Not ideal, but not exactly the worst situation either. The only problem is that my usual lunches consist of leftovers or some variation on these salads, neither of which work very well when you're trying to steer a car and eat at the same time.

My new favorite lunch option--> the wrap. Versatile, delicious, and very easy to eat with one hand while merging onto the interstate. (I'm careful, I promise.)

The wraps and sandwiches of my youth were a very standard (but delicious) combination of turkey, provolone, lettuce, and italian dressing.  These days I've been mixing it up with spiced roasted veggies, and I've discovered a few variations that were too delicious not to share with you.  The veggies are tossed with cumin, paprika, chili powder, and grape seed oil, roasted on high heat to utter vegetable perfection, and then spooned into wraps with other tasty ingredients.

Version One: The Mediterranean Inspired Roasted Veggie Wrap

hummus + spiced roasted veggies + feta cheese

This one is my favorite. It can be made well in advance and is delicious cold or warm.

Version Two: The Mexican Inspired Roasted Veggie Wrap 

black beans + spiced roasted veggies + avocado + salsa + feta cheese

The avocado is crucial here. Add hot sauce if you like!

Version Three: The Indian Inspired Roasted Veggie Wrap

coconut curry quinoa + spiced roasted veggies

Make a batch of this quinoa and you're set with lunch for the week. Tons of flavor going on here.

These wraps keep you full, (thanks to the protein in the hummus/beans/quinoa) and they're FUN. We're all in need of a little color and brightness in the winter, I think.

I'd love to hear what you like to put in your wraps, or any other one-handed meal ideas!

Spiced Roasted Veggies:

2 parsnips, peeled and chopped
1 red onion, roughly chopped
1 lb bag of assorted carrots, peeled and chopped
4 tablespoons grape seed oil (or other neutral oil)
1 teaspoon cumin
1/2 teaspoon chili powder
1/2 teaspoon paprika
salt & pepper

Preheat oven to 450. Prepare two cookie sheets by lining with aluminum foil.

Lay the veggies out evenly among the two cookie sheets. Sprinkle with cumin, chili powder, paprika, and salt and pepper. Drizzle with grape seed oil.

Use your hands to toss the veggies with the oil and spices until each piece is evenly coated.

Bake at 450 for 15 minutes, stirring veggies halfway through to prevent burning.


  • I used grape seed oil because it does better at high temperatures, but you could also use olive oil or another neutral oil. 
  • Any mixture of veggies works here. I used this multi-color bag of carrots from Trader Joe's, but regular carrots work just fine. You could also substitute some of the carrots for a sweet potato or some butternut squash. 
  • For a little more spice, sprinkle on some cayenne pepper. 

Coconut Curry Quinoa:

1 tablespoon grape seed oil (or other neutral oil)
1/2 teaspoon ginger
1/2 teaspoon tumeric
1/2 teaspoon curry power
1 teaspoon salt
1 cup quinoa
1 can lite coconut milk
1/2 cup water

Heat olive oil over medium-high heat. Add spices and stir for one minute. Add quinoa, and stir for one minute more. Add coconut milk and water. Bring to a boil, then cover and reduce heat to low.

Cover for 15-20 minutes or until all the liquid is absorbed. Let rest for 5 minutes and then fluff with a fork.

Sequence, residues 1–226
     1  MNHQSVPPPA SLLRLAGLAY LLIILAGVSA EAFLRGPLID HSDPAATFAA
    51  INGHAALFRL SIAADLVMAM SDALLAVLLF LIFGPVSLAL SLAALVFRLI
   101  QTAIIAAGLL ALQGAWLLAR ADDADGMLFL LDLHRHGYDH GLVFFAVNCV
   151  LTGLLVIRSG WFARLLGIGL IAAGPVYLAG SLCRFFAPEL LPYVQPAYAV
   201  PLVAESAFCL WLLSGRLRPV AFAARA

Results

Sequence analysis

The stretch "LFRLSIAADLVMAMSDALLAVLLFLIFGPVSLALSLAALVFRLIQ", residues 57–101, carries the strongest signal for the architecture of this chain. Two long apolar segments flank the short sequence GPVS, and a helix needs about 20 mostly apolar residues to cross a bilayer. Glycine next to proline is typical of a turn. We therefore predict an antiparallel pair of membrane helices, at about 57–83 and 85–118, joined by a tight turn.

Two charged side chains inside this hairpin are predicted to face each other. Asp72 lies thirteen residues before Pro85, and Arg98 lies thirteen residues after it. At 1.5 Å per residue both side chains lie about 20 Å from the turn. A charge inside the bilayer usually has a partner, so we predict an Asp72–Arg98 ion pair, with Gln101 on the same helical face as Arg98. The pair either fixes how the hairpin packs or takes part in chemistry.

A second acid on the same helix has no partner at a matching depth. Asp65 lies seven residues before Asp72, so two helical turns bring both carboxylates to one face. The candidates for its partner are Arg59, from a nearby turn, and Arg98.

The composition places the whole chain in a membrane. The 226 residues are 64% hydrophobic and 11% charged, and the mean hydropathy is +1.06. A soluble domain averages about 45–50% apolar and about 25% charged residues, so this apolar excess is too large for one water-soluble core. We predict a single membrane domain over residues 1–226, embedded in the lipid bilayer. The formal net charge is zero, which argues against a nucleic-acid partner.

Quinoa inspired by Cookie and Kate.

Mediterranean Inspired Roasted Veggie Wrap:

1 wrap
a few spoonfuls of your favorite hummus
spiced roasted veggies
feta cheese

Mexican Inspired Roasted Veggie Wrap:

1 wrap
a few spoonfuls of black beans
spiced roasted veggies
1/4 of an avocado, sliced
a spoonful or two of salsa
feta cheese

The Indian Inspired Roasted Veggie Wrap:

1 wrap
about 1/4 cup coconut curry qunioa
spiced roasted veggies

Apple Cinnamon Oatmeal Quick Bread

       As I walked out one evening
 Walking down Bristol Street,
The crowds upon the pavement
        Were fields of harvest wheat.

And down by the brimming river
        I heard a lover sing
Under an arch of the railway:
        "Love has no ending.

"I'll love you, dear, I'll love you
        Till China and Africa meet
And the river jumps over the mountain
        And the salmon sing in the street.

"I'll love you till the ocean
        Is folded and hung up to dry
And the seven stars go squawking
        Like geese about the sky.

"The years shall run like rabbits
        For in my arms I hold
The Flower of the Ages
        And the first love of the world."

But all the clocks in the city
        Began to whirr and chime:
"O let not Time deceive you,
        You cannot conquer Time.

"In the burrows of the Nightmare
        Where Justice naked is,
Time watches from the shadow
        And coughs when you would kiss

"In headaches and in worry
Vaguely life leaks away,
And Time will have his fancy
        To-morrow or to-day.

"Into many a green valley
        Drifts the appalling snow;
Time breaks the threaded dances
        And the diver's brilliant bow.

"O plunge your hands in water,
        Plunge them in up to the wrist;
Stare, stare in the basin
        And wonder what you've missed.

"The glacier knocks in the cupboard,
        The desert sighs in the bed,
And the crack in the tea-cup opens
        A lane to the land of the dead.

"Where the beggars raffle the banknotes
        And the Giant is enchanting to Jack,
And the Lily-white Boy is a Roarer
        And Jill goes down on her back.

"O look, look in the mirror,
        O look in your distress;
Life remains a blessing
        Although you cannot bless.

"O stand, stand at the window
        As the tears scald and start;
You shall love your crooked neighbour
        With your crooked heart."

It was late, late in the evening,
        The lovers they were gone;
The clocks had ceased their chiming
        And the deep river ran on.

W.H. Auden, "As I Walked out One Evening"